A vital tract of forestland was protected last month in the Shutesville Hill Wildlife Corridor, which lies between the Green Mountains and Worcester Range and is one of the most important wildlife regions in Vermont.
Whitney Blauvelt, whose family has been longtime owners of the property, sold a conservation easement significantly below its appraised value. In all, 111 acres were protected.
The price was not disclosed.
The property abuts Route 100 along a high-priority wildlife crossing — a focus for conservation organizations in the area.
“I’m a tree hugger. Forests, and the wildlife therein, need to be protected,” said Blauvelt, who lives in Waterbury.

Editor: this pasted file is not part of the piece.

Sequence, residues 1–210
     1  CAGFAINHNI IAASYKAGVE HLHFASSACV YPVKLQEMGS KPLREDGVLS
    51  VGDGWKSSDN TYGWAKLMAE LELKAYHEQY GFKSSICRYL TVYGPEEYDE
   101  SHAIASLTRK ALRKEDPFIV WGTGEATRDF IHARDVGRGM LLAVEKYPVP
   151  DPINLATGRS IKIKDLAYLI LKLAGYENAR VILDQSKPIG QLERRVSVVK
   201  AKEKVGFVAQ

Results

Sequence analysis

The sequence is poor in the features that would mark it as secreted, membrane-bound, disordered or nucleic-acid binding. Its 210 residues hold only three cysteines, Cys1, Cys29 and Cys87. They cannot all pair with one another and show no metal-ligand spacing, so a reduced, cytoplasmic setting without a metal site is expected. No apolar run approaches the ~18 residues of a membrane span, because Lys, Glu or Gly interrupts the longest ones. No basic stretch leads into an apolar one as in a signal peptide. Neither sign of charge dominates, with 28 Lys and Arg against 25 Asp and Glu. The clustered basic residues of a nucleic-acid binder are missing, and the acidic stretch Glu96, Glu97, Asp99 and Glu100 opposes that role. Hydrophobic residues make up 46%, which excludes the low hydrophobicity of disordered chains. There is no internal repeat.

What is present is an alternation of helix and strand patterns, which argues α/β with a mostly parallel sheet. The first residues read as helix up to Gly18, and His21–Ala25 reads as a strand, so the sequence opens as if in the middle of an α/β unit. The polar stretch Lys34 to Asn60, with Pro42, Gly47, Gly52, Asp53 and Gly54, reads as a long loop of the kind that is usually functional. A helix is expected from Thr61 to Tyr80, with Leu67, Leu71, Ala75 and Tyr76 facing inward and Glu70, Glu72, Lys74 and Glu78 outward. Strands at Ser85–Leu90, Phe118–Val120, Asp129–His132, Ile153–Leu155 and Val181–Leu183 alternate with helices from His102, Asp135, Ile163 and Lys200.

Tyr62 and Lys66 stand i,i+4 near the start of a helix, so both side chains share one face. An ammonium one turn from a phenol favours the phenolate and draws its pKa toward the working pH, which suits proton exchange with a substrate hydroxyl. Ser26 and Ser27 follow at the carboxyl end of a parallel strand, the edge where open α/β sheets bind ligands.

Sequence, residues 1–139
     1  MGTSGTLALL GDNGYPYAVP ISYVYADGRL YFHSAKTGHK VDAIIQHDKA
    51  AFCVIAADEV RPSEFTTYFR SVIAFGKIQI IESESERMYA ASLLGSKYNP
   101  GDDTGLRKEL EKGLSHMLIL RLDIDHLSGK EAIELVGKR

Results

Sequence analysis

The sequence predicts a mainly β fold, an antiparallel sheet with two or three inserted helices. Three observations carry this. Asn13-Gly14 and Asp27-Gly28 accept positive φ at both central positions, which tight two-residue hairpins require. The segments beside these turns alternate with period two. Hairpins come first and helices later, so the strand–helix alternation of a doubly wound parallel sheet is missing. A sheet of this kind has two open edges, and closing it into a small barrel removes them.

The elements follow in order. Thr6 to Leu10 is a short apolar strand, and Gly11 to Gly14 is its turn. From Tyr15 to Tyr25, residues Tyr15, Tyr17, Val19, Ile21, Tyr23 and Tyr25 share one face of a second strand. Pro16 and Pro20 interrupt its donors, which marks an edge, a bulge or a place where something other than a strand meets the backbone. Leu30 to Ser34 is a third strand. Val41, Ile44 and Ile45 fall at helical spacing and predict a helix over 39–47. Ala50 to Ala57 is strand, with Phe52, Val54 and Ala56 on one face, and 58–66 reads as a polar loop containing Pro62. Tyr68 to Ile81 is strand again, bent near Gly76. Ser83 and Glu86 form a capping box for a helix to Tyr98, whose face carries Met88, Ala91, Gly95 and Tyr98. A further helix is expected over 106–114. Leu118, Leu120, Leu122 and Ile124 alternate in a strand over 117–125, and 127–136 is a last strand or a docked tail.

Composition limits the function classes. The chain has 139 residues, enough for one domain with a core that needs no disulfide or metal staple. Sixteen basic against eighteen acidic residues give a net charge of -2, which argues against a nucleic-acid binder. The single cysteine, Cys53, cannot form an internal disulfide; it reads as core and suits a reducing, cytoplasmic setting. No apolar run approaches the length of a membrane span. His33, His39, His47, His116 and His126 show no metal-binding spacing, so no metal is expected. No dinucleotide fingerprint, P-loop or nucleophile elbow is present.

The protection of the Blauvelt parcel adds to the 450-plus acres in this same corridor that have been conserved since 2018 by the Stowe Land Trust, The Nature Conservancy and the Vermont Land Trust. In partnership with residents, they have raised over $500,000 in an ongoing effort to protect this ecologically significant habitat connection.
The Shutesville Wildlife Corridor Partnership consists of conservation commissions in Stowe and Waterbury, Stowe Land Trust, Vermont Land Trust, The Nature Conservancy, the Vermont departments of Fish and Wildlife, Forests, Parks, and Recreation, and Transportation, two regional planning commissions and many community volunteers.
Information: stayingconnected initiative.org/shutesville.